Another weekend of fisticuffs has come and gone as UFC 167 blew the roof off the MGM Grand Garden Arena last Saturday night (Nov. 16, 2013) in Las Vegas, Nevada.
Many combatants were left licking their wounds after a wild night of fights, including Josh Koscheck, who was knocked out by Tyron Woodley in the very first round (highlights here). And Johny Hendricks, who was robbed twice, as the judges denied him the chance to become the new welterweight champion of the world and Georges St-Pierre shot down any chances of an immediate rematch due to his temporary retirement (highlights here).
But, which fighter is suffering from the worst post-fight hangover now two days removed from the show?
The young 170-pound stalwart was seemingly one victory away from earning his much-desired shot at the division strap; all he had to do was collect his sixth straight win by defeating knockout artist, Robbie Lawler.
Lawler did what Ultimate Fighting Championship (UFC) President Dana White said he would, and that's bring the fight to "Ares." Lawler, though tentative in the opening round, was determined to impose his will on the sometimes too calculated fighter in order to earn his third straight victory.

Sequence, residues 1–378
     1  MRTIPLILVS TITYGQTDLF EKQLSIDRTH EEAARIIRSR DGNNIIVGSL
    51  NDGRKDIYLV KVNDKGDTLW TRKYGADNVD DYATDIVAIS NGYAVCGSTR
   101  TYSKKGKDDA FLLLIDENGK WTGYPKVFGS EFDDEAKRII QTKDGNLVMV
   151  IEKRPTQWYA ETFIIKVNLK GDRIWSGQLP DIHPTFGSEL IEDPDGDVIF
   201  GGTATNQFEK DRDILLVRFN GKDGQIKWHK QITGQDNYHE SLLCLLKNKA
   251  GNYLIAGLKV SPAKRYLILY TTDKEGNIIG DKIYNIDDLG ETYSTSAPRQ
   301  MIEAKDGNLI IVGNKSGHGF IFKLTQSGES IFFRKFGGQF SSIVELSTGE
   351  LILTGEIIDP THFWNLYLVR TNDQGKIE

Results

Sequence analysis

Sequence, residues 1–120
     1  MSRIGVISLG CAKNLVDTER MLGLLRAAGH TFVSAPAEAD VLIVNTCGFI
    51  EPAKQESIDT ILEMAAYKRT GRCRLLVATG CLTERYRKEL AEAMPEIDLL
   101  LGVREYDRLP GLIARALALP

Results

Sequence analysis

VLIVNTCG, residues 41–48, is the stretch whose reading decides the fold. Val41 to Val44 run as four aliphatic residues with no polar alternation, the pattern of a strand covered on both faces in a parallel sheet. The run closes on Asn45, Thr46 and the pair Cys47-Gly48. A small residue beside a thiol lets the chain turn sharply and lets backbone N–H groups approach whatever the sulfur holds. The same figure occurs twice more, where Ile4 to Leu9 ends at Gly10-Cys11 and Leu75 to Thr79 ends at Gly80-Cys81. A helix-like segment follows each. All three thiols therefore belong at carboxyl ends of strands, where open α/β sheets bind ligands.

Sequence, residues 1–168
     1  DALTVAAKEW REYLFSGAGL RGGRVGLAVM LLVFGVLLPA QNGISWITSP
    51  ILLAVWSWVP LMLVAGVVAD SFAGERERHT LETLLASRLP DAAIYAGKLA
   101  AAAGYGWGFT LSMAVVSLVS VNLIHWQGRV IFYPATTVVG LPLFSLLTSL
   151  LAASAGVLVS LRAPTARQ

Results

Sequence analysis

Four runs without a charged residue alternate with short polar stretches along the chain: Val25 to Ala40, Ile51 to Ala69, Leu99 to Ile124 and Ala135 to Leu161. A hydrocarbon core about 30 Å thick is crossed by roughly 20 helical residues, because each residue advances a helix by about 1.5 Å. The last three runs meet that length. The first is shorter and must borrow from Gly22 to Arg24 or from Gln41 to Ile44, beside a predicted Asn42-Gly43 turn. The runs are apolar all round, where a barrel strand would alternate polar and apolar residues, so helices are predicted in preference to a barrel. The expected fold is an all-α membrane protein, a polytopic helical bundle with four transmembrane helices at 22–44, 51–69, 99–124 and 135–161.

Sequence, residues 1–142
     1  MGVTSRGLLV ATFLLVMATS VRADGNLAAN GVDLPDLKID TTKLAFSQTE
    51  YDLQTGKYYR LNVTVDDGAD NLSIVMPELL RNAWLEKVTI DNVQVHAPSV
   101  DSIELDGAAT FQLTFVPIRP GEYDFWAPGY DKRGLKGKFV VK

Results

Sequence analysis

After a fairly close opening two rounds, Lawler sealed the deal by flooring MacDonald with a vicious hook (relive it here.) When a winded Lawler couldn't' get the finish, "Ares" managed to score a late takedown and rain down some elbows in an attempt to steal the round.
In the end, it was too little, too late, as the judges awarded the split decision victory to a resurgent Robbie.
So, what went wrong for Rory?
The exact same thing that happened to him in 2010 when he suffered the first loss of his mixed martial arts (MMA) career at the hands of Carlos Condit, he simply ran into a better fighter.
Sure, both losses were razor-close and as talented as MacDonald is, "Ruthless" and "The Natural Born Killer" proved to be just a tad better.
Once hailed to be the heir to "GSP's" throne, MacDonald will now be forced to go back to the drawing board and start from scratch in a talent-riddled division that will make the climb to the top much tougher than before.
The welterweight landscape has changed in the past 24 months and racking up another five-fight win streak against the likes of Matt Brown, Carlos Condit, Johny Hendricks, Tarec Saffiedine, Demian Maia and Tyron Woodley will be hell of a lot tougher than doing it against opponents such as a declining B.J. Penn, Che Mills, Jake Ellenberger, Mike Pyle and Nate Diaz.
Having said that, Rory should face the loser of the UFC on FOX 9 scrap between the aforementioned Matt Brown and Carlos Condit. Either one of those two men will provide another stiff challenge for the young Canadian coming off a loss.
Dana White was recently quoted as saying that labeling "Ares" as St-Pierre's predecessor was a bit premature because no one knew if Rory was "good enough" to be champion.
And after this past weekend's performance, it seems the answer is: He isn't.
Not at this time, at least.